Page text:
I also believe that if you really are serious about democracy, you kind of sit it out for a bit more than 12 measly months. I believe that if you gave two shits about the poor people who gave their lives for the revolution, who paid the ultimate sacrifice so that Egyptians could be free to choose their own leaders, you wouldn’t try to mitigate or explain away a return to military rule – you’d rage against it.
What I remember, moreover, is the people who were killed, tortured and terrorised under SCAF. I remember the blood and the injustice and the horrible, terrifying lack of accountability that comes with autocratic rule. I remember the police blinding people outside the Interior Ministry, when – forget birdshot and teargas - fucking bullets were felling people. I remember seeing the grainy video, recorded on a cellphone of a Masri fan in Port Said, of an Ahly fan being physically beaten to death as the police stood and watched.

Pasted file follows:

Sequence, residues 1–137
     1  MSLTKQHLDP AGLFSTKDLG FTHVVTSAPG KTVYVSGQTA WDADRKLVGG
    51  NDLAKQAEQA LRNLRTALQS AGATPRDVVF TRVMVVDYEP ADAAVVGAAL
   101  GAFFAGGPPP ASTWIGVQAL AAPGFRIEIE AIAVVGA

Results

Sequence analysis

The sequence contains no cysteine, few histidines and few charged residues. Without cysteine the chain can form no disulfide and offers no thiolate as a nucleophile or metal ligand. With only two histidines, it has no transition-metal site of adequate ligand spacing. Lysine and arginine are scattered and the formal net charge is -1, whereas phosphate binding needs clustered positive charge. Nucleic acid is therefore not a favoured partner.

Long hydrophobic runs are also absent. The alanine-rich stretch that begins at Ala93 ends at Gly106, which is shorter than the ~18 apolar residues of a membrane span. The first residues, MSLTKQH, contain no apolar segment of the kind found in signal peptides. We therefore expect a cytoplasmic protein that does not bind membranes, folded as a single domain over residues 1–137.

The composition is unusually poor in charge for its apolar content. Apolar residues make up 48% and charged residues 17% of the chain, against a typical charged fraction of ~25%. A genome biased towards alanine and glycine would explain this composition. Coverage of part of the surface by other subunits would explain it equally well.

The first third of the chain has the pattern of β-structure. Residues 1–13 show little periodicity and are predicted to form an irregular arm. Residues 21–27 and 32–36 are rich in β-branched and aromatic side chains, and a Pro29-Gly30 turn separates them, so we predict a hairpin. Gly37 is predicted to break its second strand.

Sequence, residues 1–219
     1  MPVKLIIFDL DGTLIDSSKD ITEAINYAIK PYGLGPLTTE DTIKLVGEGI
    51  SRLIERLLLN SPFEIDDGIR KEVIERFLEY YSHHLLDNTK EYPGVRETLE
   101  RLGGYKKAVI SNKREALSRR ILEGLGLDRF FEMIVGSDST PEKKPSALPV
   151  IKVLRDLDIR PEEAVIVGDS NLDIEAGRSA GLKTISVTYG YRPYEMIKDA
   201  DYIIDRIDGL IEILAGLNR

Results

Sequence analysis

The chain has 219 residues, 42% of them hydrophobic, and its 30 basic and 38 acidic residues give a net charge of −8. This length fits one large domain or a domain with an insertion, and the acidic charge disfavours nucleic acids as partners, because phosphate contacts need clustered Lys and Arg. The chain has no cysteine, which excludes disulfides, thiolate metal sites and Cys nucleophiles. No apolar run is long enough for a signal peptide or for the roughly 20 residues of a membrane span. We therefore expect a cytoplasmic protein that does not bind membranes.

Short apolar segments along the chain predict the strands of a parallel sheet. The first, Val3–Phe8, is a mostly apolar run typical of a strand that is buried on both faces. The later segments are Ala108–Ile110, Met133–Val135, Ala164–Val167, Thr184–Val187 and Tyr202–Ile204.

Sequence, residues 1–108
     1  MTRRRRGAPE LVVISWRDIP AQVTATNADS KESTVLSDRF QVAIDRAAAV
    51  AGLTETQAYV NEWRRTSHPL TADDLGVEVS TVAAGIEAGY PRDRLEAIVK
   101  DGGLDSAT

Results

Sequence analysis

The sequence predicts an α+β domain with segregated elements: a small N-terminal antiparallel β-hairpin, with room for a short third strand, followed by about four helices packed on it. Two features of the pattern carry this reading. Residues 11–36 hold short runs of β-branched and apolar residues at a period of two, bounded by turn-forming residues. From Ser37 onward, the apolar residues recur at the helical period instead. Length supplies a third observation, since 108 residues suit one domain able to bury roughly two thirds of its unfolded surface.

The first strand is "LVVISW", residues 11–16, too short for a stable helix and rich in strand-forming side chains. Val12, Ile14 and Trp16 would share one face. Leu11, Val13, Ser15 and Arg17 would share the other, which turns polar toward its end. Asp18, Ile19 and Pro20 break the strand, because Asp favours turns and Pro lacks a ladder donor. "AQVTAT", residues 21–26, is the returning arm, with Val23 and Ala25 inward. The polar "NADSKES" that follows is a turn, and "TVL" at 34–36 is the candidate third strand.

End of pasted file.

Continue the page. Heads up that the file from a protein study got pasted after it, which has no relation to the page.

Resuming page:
Now some people are carrying the police on their shoulders. I believe that is a betrayal.
I’ve learned a basic and terrifying truth today: That many would rather see a military junta rule with impunity and autocracy than see a democratic administarion govern with fecklessness and error. That many people who call themselves revolutionaries and advocates of democracy simply hate Islamism more than they love freedom. That people are fully prepared to welcome the army back to political life, with a cheer, two fingers up to those killed since 2011, and a good riddance to Egypt’s first experiment with democracy. Fuck that for a revolution.